Do you know your learning style? Are you a kinesthetic learner – best on foot, taking extra time walking and looking at the track you will ride while getting to know the unfamiliar surroundings at an event? Or will visual representation help to cement your course plan – by writing it down and then using visualization to help process the information? How about listening to the course plan described in detail by your trainer or talking it through and describing it to someone else?

Knowing your learning style (kinesthetic, visual or auditory) will help you choose methods and strategies that will be particularly effective for you. Learning and remembering are two different things, but make no mistake – they are also intimately intertwined! You can discover your style by thinking about what has worked best for you in the past, or you can find learning style assessment instruments online (Find a nice review of learning style assessment instruments at: Although learning style is only a piece of the puzzle, it can help you immensely in building your competition routine.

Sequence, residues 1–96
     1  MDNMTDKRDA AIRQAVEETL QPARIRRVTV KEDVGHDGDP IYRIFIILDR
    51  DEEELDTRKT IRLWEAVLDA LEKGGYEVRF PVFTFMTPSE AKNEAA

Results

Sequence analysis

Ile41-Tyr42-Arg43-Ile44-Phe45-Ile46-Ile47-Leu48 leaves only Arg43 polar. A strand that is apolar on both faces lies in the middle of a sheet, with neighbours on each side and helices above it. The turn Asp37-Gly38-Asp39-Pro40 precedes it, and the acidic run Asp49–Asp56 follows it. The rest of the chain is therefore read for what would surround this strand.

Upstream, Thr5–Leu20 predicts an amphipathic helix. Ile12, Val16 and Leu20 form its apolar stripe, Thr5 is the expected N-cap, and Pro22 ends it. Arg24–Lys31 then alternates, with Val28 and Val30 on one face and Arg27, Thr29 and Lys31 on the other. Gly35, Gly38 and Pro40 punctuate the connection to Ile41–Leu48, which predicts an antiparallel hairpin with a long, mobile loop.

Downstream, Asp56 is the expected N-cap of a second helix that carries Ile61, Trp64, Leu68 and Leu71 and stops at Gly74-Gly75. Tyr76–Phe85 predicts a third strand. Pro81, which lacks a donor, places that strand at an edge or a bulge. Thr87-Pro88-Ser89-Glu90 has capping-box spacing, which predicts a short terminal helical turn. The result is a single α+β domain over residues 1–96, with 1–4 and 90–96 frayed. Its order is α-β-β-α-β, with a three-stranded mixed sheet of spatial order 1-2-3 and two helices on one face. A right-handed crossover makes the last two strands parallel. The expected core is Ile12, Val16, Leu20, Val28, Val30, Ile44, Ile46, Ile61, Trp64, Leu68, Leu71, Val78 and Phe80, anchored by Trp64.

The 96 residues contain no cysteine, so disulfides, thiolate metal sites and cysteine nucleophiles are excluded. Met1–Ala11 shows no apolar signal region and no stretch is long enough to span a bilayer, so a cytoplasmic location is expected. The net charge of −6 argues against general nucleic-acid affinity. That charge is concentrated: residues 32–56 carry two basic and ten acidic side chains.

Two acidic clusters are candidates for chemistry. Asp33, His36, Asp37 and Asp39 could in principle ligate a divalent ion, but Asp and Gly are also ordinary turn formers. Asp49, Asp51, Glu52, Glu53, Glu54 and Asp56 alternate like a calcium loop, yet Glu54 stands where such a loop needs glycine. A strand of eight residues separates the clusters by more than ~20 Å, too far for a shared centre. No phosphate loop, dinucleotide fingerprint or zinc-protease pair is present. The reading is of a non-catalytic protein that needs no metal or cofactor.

Methods to stay on course


Many people do not take the time to recognize that mental mistakes that happen in competition have roots in the practices they employ every day in training. You may find yourself wondering how strategies for riding at home can help you remember competition courses you haven’t even seen yet. Or you may find yourself saying, “But I always stay on course at home!” Please try these strategies anyway – you will be surprised at the difference these ideas make when you work them into your practice rides and lessons.

At home strategies:

  1. Practice with pressure: Create competition situations in your mind and then give yourself one opportunity to ride the exercise, test or course successfully. (See my article in the July/August 2007 issue.)